The tide was low so we were able to walk behind the columns towards a cave that Inga knew about, but I should warn you, walking along the shoreline can be extremely dangerous. The water is rough and the current is strong from heavy northern winds– this is the North Atlantic, after all. Just please be aware of your surroundings while walking along the shoreline, especially if you spend endless time taking photographs. Thanks—that’s one less tourist swept into the sea.
Our next stop was a hike to the top of Hjörleifshöfði (ten points if you can pronounce that name). The Viking Hjörleifur Hróðmarsson settled here in 874. He is the brother of Ingólfur Arnarson who was the first Nordic settler in Iceland. A year later Hjörleifur was killed by two of his slaves (I want to hear about that story). Naturally, Ingólfur took revenge on his brother’s murderers. Long after the murders, no one dared to settle on the land. The rumor of ‘supernatural beings’ has played a big part in Hjörleifshöfði’s history. People have encountered a lot of unexplained phenomena and many claimed to have been strongly affected by the place. ‘Hjörleifshöfði’ is deserted today and both brothers are buried on the highest point of the mountain known as “Hjörleifshaugur.”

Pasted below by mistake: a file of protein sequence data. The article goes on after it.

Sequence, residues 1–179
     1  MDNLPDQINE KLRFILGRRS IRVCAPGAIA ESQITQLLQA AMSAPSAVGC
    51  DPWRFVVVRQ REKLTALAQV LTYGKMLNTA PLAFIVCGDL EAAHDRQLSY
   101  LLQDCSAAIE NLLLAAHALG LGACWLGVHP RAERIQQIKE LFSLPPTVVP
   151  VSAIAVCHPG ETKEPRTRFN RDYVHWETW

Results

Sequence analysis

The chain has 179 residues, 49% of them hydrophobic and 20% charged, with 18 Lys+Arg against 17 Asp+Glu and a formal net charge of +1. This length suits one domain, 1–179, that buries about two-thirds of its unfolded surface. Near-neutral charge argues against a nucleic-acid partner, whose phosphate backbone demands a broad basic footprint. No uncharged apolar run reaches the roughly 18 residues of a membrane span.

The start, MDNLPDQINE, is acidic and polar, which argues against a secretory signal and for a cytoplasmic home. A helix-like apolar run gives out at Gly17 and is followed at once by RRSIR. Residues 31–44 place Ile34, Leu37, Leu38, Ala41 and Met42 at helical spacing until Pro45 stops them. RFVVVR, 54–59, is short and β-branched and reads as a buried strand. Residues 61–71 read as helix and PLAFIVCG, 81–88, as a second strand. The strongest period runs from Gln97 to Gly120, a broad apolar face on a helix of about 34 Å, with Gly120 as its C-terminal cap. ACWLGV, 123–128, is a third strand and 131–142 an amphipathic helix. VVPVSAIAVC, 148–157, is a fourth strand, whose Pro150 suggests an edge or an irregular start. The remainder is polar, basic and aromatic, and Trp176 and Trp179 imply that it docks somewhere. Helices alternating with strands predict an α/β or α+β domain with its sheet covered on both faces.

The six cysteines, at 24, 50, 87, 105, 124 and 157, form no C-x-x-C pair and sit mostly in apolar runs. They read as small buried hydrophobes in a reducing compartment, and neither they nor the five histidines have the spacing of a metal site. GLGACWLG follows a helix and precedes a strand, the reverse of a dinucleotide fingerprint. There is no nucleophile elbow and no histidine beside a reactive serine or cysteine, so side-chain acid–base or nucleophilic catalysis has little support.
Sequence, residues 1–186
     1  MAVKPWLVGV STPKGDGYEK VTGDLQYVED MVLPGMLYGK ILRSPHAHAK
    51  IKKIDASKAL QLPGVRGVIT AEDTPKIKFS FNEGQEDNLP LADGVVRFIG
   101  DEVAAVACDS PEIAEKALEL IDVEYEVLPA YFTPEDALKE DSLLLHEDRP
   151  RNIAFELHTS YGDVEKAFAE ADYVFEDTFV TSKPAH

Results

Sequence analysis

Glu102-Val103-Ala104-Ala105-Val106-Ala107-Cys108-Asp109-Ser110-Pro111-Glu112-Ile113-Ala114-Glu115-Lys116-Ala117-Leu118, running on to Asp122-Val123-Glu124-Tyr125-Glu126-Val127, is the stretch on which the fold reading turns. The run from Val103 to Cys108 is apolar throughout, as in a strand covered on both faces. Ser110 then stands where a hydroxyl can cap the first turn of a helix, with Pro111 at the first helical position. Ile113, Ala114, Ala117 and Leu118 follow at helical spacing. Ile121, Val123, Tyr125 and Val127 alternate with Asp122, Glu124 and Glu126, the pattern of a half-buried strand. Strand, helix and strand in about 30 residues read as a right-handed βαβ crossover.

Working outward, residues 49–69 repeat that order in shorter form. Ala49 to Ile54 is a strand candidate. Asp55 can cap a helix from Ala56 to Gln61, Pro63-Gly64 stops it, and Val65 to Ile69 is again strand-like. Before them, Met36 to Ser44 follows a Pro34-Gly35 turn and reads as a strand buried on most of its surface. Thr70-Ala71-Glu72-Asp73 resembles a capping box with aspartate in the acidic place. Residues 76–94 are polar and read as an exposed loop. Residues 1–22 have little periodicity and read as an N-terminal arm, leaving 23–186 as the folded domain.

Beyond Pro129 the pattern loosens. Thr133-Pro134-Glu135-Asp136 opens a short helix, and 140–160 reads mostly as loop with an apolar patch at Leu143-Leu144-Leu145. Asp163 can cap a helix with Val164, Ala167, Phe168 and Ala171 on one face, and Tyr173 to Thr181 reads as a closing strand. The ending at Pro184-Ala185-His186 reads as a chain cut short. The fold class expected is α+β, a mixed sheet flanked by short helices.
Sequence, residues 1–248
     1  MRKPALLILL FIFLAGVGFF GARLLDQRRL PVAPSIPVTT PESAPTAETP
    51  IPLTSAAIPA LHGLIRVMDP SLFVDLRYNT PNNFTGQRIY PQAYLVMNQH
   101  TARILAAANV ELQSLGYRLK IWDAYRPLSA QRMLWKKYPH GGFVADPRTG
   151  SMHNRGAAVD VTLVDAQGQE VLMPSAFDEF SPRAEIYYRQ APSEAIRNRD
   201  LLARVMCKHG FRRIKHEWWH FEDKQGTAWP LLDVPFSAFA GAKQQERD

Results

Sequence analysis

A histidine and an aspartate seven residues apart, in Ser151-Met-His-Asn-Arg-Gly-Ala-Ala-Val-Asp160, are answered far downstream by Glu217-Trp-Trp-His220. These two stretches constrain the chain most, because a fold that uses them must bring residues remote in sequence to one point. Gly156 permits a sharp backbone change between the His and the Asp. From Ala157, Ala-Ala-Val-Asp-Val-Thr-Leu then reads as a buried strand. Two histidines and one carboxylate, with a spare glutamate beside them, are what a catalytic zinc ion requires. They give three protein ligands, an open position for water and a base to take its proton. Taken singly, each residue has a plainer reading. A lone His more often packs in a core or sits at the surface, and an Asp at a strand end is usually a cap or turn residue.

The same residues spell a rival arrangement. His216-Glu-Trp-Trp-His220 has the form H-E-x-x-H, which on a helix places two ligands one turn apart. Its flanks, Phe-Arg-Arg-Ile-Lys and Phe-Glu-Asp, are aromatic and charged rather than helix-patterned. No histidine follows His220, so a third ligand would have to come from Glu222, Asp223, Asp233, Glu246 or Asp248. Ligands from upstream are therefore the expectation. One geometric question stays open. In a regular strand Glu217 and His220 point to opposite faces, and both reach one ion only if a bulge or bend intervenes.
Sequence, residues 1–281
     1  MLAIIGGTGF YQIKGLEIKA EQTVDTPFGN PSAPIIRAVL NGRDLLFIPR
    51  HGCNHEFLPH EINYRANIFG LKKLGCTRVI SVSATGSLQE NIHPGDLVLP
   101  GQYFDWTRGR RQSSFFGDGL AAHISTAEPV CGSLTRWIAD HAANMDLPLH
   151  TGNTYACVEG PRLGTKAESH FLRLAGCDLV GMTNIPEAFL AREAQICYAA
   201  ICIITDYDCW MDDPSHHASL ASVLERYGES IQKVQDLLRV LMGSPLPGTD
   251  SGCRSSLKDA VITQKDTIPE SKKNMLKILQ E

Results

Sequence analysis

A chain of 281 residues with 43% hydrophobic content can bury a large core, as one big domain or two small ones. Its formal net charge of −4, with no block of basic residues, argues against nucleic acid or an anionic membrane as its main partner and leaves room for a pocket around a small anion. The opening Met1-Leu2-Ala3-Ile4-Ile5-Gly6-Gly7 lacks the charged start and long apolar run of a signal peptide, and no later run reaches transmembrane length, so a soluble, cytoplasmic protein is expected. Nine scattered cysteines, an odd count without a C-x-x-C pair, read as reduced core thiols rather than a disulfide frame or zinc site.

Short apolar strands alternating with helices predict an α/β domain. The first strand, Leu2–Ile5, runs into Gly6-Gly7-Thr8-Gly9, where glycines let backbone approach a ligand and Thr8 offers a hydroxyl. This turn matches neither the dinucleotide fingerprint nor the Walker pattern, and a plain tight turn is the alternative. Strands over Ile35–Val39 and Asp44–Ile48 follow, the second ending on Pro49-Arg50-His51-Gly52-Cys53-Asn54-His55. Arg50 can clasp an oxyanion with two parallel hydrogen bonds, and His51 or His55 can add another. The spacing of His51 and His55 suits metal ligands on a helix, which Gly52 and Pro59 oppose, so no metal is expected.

We had our own encounter with the supernatural when a cloud descended upon us at the burial site. I think it was Hjörleifur’s way of telling us to get the hell out. We may have annoyed him with our excessive picture-taking. What do you think?
We improvised a path down the hill and ended up receiving another surprise from Hjörleifur, no doubt. About three quarters of the way down, Liz realized she dropped her phone. Now I’ve met people who care about their phones, but I didn’t realize the extent of the love affair Liz has with hers. She was absolutely devastated and we spent the next 45 minutes combing the brush for signs of her Iphone 5. I grasped very quickly how important a phone is for a blogger. It’s their lifeline to the world. I would be just as devastated if I lost my camera or the photos on the SD card. It connects me to what I was thinking, feeling and seeing at the time the photo was taken. So I hear you, girl! Thankfully, we found it so nice try, Hjörleifur…we’re no suckers to your tricks.